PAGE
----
Post submitted by Michael Wagner, Corporate Partnerships Chair of the Portland Steering Committee uganda flag

On Thursday, July 10, a group of LGBT and faith-based organizations based in Portland, Oregon, presented a screening of the documentary Call Me Kuchu, a critical presentation of the situation on the ground in Uganda in the year preceding the passing of the now infamous Anti-Homosexuality Bill (AHB). The film primarily follows the life of David Kato, “Uganda’s First Openly Gay Man,” who uses his position and life experience to spearhead LGBT activism in his home country, which was a place that, at the time, was starting to become exceedingly hostile toward LGBT people. The film also introduces audiences to other activists in Uganda, including John “Long Jones” Abdallah Wambere and Bishop Christopher Senyonjo, both of whom were present for the screening and an accompanying live Q-and-A in Portland’s Hollywood Theatre. Members of the Portland HRC Steering Committee, who serve Oregon and Southwest Washington, accepted a gracious invitation to meet with both gentlemen before the film. 

According to Wambere, who has attended screenings of Call me Kuchu across America, the audience in the Hollywood Theatre in Portland was the second largest he has seen.

Bishop Senyonjo, who proclaimed a great deal of affection for Portland, was pleased that the message of the film was being delivered to Portland. For Senyonjo, the AHB represents a fracturing of the Ugandan people and a clear abuse of the message of Jesus Christ. He repeatedly referred to the preaching of Lively and others as “Bad News” rather than the “Good News” that he believes the gospel is meant to bring.

“For me I am a Christian, but the heart of the Christian faith is love. And, Jesus Christ himself said he came to bring the Good News. But, to me, a lot of what has been said as ‘Good News’ against homosexuality is bad news. Jesus Christ did not discriminate against anybody. He brought Good News to the poor, the captives, to the oppressed, and the marginalized people. But when they [we] exclude - that is no longer good news. We are contradicting the real message of what we call the Gospel,” explained Senyonjo.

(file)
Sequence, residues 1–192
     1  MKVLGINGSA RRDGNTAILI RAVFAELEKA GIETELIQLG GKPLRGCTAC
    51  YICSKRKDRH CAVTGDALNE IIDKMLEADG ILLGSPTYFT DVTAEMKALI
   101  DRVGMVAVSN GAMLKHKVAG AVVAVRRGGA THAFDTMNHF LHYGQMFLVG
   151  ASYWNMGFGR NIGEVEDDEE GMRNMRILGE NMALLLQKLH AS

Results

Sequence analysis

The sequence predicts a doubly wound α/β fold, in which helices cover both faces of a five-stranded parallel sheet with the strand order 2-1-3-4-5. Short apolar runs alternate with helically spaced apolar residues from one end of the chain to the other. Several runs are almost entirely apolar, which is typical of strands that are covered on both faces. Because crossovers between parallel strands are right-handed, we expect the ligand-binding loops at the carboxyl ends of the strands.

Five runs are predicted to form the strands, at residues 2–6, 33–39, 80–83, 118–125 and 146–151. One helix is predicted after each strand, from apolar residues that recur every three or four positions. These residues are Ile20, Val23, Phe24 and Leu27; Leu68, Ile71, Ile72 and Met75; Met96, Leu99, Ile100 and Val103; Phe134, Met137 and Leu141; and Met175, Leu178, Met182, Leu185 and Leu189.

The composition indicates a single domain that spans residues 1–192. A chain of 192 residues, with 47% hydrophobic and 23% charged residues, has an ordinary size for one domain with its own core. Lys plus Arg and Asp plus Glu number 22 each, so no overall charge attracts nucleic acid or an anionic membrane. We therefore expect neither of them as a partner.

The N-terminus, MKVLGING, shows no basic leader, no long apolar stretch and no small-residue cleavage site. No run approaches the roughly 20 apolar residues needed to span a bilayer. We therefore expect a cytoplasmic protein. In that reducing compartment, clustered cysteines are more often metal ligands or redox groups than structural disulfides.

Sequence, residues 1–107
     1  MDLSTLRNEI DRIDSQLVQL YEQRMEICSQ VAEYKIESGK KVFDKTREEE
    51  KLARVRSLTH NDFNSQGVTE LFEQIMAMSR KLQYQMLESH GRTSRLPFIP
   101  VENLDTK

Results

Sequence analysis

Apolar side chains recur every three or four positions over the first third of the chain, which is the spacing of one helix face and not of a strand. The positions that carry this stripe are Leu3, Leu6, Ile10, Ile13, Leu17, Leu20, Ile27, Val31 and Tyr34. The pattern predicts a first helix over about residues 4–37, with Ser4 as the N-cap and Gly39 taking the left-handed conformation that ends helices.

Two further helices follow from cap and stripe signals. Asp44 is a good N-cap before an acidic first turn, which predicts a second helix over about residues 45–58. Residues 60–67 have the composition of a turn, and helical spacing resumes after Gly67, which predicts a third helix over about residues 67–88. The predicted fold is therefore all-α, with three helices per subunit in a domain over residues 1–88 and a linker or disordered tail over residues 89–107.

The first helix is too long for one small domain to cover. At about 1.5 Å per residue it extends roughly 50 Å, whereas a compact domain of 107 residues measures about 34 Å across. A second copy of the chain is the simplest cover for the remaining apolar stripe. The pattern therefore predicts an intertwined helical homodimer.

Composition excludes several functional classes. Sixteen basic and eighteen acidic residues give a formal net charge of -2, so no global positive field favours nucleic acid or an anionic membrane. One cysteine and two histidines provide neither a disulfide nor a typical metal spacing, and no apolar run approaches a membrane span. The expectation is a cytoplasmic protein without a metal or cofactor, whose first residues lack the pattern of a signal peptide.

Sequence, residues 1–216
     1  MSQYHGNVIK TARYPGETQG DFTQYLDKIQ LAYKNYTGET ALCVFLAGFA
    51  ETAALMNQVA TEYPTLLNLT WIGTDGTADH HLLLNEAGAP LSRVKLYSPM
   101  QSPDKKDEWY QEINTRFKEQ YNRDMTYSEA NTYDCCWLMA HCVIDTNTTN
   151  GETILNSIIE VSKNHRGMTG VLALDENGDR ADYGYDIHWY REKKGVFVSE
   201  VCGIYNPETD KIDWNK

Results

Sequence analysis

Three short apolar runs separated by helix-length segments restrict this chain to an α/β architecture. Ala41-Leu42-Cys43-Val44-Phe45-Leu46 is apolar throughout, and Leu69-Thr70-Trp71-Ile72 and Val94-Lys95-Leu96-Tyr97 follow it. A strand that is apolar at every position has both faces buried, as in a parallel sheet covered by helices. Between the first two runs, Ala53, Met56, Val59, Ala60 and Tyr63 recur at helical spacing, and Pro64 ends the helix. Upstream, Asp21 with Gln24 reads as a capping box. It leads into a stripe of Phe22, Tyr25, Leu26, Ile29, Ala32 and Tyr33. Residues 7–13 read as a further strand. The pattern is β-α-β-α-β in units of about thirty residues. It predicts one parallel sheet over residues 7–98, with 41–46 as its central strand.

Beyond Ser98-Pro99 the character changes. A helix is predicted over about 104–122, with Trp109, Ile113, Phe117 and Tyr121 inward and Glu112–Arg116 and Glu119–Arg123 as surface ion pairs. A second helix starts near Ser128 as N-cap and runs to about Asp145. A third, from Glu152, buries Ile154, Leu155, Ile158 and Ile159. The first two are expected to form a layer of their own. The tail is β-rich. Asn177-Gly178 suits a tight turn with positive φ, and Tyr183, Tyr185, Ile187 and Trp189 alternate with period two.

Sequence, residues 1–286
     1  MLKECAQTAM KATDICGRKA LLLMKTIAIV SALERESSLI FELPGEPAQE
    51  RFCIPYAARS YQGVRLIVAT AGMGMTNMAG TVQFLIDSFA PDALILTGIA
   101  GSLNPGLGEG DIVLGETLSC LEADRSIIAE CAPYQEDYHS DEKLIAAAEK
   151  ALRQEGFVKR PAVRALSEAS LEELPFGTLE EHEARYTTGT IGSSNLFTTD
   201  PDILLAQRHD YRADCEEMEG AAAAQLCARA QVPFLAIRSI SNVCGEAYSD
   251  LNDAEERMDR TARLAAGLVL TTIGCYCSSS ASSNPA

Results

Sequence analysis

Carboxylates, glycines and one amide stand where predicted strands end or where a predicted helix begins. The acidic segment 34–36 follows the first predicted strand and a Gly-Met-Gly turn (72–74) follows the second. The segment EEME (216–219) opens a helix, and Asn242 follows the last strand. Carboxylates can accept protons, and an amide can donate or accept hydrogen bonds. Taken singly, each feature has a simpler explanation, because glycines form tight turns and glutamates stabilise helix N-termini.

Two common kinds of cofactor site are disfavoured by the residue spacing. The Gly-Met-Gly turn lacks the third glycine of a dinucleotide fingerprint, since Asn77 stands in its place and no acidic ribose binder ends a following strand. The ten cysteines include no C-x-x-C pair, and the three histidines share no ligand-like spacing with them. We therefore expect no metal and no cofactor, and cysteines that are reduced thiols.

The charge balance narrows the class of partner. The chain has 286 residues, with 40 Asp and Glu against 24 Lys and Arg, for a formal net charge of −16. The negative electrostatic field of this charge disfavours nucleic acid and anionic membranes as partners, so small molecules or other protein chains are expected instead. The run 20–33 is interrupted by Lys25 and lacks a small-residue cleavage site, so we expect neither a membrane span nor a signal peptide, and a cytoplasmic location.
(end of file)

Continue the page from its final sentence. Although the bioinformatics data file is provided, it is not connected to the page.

Senyonjo, who was an official Bishop in the Anglican Church was relieved of his title, authority and even pension, for voicing opposition to both the government’s and the church’s attitudes toward LGBT persons. Today, Senyonjo leads St. Paul’s Reconciliation and Equality Centre in Kampala, Uganda’s capitol. There, marginalized persons can seek health and vocational services that the government and social organizations are prohibited from administering.

The idea of solidarity is one that both Wambere and Senyonjo lament has left Uganda. Senyonjo believes LGBT issues are now scapegoat issues for a government that has left the country’s chief issues of poverty, education and disease by the wayside. Wambere described a Uganda in which homosexuals were left to live their lives in private, free of blackmail or intimidation. He even described nights on the streets of Kampala in which, as a gay man, he could remark on the beauty of heterosexual men freely, without fear of retaliation.